Thursday, April 14, 2011

LONG MARCH: Restart - Feng Mengbo, PS1 (Revised)

Enter the world of Feng Mengbo, a sanctuary where video games of the 80’s and 90’s are fused together and not only highly valued, but given new life and meaning. LONG MARCH: Restart is a video game installation at the PS1 MoMA in New York. It doesn’t take long for one to wonder what this kind of exhibit is doing at PS1. One might think that it would find a better home at a technology museum or the like. We know that design is a large part of the video gaming industry, but how does Feng Mengbo’s LONG MARCH: Restart qualify as art?

To start, the obvious answer would be that Feng Mengbo is an artist, a painter who would depict television screen shots onto canvas. Mengbo would capture screen shots from television and then paint them. He was always interested in technology and technology as art, however, what makes this particular work meaningful is in its content. The game brilliantly takes you, with ease, into the Communist struggle in China in the mid-20th century. With a quick trigger finger you see the differences (and similarities) of Eastern and Western culture. And when you think you’re progressing through the game, you’re really progressing through one of the most monumental periods in modern Chinese history. LONG MARCH: Restart is much more than just a video game, intriguing us with the excitement of a child’s game, it is an entire journey through time.

Mengbo made a name for himself with his digital, political works, like My Private Album, and mainly worked in new media form from CD-roms to video games. What’s so unique about Mengbo is that his art isn’t about creating video games for recreation, he uses them as a communicative tool to tell the history of his nation. Mengbo grew up in the Chinese Revolution, which was also one of the biggest growths in modern Chinese history. And so, he pulls a lot from this when it comes to the content of his work. In the 90’s, Mengbo was a part of the contemporary Chinese art movement of Zhengzhi Popu (Political Pop), a movement highly influenced by Western political culture and Western Pop Art of the 1960’s. Although Feng Mengbo has become well known, his work has never been exhibited in China. While Feng’s work seems more appealing to an adolescent mindset, it is in this setting that one can more comfortably take in the political undertone of the Chinese Revolution in his work.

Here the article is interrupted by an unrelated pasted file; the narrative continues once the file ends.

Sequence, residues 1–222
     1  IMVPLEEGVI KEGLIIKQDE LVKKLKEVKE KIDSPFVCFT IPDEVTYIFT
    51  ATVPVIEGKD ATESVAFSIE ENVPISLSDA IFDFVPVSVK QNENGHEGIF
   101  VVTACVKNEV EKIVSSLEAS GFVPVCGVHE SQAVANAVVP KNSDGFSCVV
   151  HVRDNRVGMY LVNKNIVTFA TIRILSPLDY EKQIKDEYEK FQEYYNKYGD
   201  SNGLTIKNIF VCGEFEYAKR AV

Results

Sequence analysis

LONG MARCH: Restart is more than an installation, it’s an entire atmosphere. Walking into the Painting gallery at PS1 was like stepping into a different dimension. The large-scale projections, from floor to ceiling, faced each other and created a long, dark hallway. The life-sized imagery on the screens called you to attention immediately. The music was familiar and nostalgic and once inside the dark room, your eyes focused and instantaneously, one’s inner child was stirred. The awakening was that you had just entered the dream of every 80’s and 90’s wiz kid that ever existed. The bright lights of the screen were mesmerizing and immediate reactions were that of awe. The magnificence of the installation may not have been truly appreciated until one was handed the controller and told that this was more than just a show, it was interactive! You were able to assume the role of the hero, jumping around and killing the villains from games like Aliens, Super Mario Bros., Street Fighter and more, all rolled into one. And despite the fact that you’d probably already seen the PS1’s other lengthy exhibits and been there for nearly 2 hours, you didn’t want to leave. Not anymore. Feng had turned the entire room into a scene from The Wizard only instead of a Nintendo, you got the innovative and exciting technology of the XBOX 360.